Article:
Satellite Antenne Gain is the ratio of the total input power to the maximum gain of the antenna. It reflects the effective utilization of the antenna for the total RF power, more comprehensively than the directional coefficient. It is expressed in decibels. It can be mathematically proved that the maximum gain coefficient of a satellite antenna is equal to the product of the directional coefficient and the antenna efficiency. Satellite Antenna Gain is a crucial aspect in understanding the effectiveness of satellite communication equipment, such as maritime VSAT antennas, and the products offered by VSAT terminal equipment and VSAT antenna manufacturers. It measures the ratio of the total input power to the maximum gain of the antenna, providing insight into how effectively the antenna utilizes the total RF power.
It refers to the ratio of the radiation power (i.e., the power conversion part of the electromagnetic wave) radiated by the antenne to the active power input to the antenna. It is a constant value less than 1.
When an electromagnetic wave propagates in space, if the direction of the electric field vector remains fixed or rotates according to a certain rule, it is called a polarized wave, also known as an antenna polarized wave, or a polarized wave. It is usually divided into plane polarization (including horizontal polarization and vertical polarization), circular polarization, and elliptical polarization.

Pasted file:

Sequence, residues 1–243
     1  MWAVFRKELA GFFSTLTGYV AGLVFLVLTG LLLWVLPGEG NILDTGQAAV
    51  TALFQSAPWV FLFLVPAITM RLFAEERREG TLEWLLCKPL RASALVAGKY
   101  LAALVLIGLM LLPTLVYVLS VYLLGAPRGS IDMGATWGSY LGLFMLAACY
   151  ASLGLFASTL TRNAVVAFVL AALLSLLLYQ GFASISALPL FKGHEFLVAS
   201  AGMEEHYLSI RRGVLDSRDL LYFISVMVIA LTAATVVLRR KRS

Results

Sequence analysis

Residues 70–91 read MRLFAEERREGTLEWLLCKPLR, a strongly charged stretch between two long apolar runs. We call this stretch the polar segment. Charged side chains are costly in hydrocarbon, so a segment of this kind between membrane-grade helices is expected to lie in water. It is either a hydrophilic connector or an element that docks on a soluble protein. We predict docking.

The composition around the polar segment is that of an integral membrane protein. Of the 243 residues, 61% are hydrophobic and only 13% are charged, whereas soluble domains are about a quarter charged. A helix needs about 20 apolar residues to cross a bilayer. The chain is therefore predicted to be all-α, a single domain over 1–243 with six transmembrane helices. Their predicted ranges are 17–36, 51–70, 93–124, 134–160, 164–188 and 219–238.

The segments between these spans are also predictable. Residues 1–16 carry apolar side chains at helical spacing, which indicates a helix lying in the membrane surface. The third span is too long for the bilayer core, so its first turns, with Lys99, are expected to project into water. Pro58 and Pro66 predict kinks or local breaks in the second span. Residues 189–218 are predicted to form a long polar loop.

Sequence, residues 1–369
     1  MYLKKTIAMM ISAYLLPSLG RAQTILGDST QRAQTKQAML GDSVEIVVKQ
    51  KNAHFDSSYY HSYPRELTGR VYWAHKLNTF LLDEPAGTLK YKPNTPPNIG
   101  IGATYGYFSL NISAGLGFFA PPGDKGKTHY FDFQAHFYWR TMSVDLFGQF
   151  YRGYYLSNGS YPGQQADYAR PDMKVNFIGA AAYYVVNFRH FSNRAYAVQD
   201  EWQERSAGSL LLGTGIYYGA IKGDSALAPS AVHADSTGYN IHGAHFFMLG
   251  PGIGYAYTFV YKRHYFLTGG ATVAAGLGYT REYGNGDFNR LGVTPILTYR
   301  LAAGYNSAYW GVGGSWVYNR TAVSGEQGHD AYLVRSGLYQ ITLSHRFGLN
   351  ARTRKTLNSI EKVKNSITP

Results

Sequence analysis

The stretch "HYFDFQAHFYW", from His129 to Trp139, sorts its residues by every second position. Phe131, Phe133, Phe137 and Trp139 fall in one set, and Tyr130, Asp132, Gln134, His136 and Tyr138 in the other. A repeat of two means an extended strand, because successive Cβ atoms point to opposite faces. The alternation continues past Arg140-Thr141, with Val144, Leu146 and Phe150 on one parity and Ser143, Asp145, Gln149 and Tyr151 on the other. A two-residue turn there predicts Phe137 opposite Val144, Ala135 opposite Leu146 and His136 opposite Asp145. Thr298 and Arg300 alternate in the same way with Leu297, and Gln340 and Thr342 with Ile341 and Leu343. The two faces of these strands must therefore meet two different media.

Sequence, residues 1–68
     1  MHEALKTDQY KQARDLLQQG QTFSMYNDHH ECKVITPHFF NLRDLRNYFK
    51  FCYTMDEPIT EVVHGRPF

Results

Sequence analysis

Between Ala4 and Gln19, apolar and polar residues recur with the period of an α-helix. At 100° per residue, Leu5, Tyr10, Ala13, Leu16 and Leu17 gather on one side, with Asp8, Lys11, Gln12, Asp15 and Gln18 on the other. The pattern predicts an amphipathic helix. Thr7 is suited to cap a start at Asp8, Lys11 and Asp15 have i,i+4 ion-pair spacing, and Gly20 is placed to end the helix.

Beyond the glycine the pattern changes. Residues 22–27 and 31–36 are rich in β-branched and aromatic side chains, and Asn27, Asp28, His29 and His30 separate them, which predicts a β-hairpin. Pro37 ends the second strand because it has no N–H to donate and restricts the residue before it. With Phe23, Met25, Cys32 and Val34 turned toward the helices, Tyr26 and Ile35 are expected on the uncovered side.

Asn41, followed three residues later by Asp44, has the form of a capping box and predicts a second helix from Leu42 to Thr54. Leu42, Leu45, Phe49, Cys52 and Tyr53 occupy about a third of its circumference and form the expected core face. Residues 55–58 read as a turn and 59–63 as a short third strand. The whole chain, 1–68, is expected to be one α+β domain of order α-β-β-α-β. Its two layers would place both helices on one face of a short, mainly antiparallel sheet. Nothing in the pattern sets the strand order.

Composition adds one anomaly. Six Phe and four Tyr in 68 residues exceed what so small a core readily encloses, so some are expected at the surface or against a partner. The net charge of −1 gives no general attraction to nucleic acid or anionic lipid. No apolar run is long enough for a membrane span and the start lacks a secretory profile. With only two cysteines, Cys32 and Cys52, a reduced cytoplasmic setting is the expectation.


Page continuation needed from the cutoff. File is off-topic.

The polarization direction of polarized electromagnetic waves is called the polarization direction.
The plane composed of the polarization direction of the polarized electromagnetic wave and the propagation direction is called the polarization plane.
For radio waves, the polarization is often based on the ground. A polarized wave that is parallel to the polarization plane of the ground normal (vertical plane) is called a vertical polarized wave. Its electric field direction is perpendicular to the ground.
A polarized wave that is perpendicular to the polarization plane of the ground normal is called a horizontal polarized wave. Its electric field direction is parallel to the ground.
If the polarization direction of the electromagnetic wave remains fixed, it is called planar polarization or linear polarization. When the space amplitudes of the electric field parallel to the ground (horizontal component) and perpendicular to the ground surface have arbitrary relative magnitudes, planar polarization can be obtained. Both vertical polarization and horizontal polarization are special cases of planar polarization.
When the angle between the polarization plane of the radio wave and the ground normal plane changes in cycles from 0 to 360 degrees, i.e., the electric field size remains unchanged but the direction changes with time, the trajectory of the electric field vector endpoint projected on the plane perpendicular to the propagation direction is a circle, called circular polarization.
Circular polarization can be obtained when the amplitudes and phase differences of the horizontal and vertical components of the electric field are equal (except when the two components are equal). If the polarization plane rotates with time and forms a right-handed spiral relationship with the direction of the electromagnetic wave propagation, it is called right circular polarization; otherwise, it is called left circular polarization.
When the angle between the polarization plane of the radio wave and the ground normal plane changes periodically from 0 to 2π, and the trajectory of the electric field vector endpoint projected on the plane perpendicular to the propagation direction is an ellipse, it is called elliptical polarization.
Elliptical polarization can be obtained when the amplitudes and phases of the vertical and horizontal components of the electric field have arbitrary values (except when the two components are equal).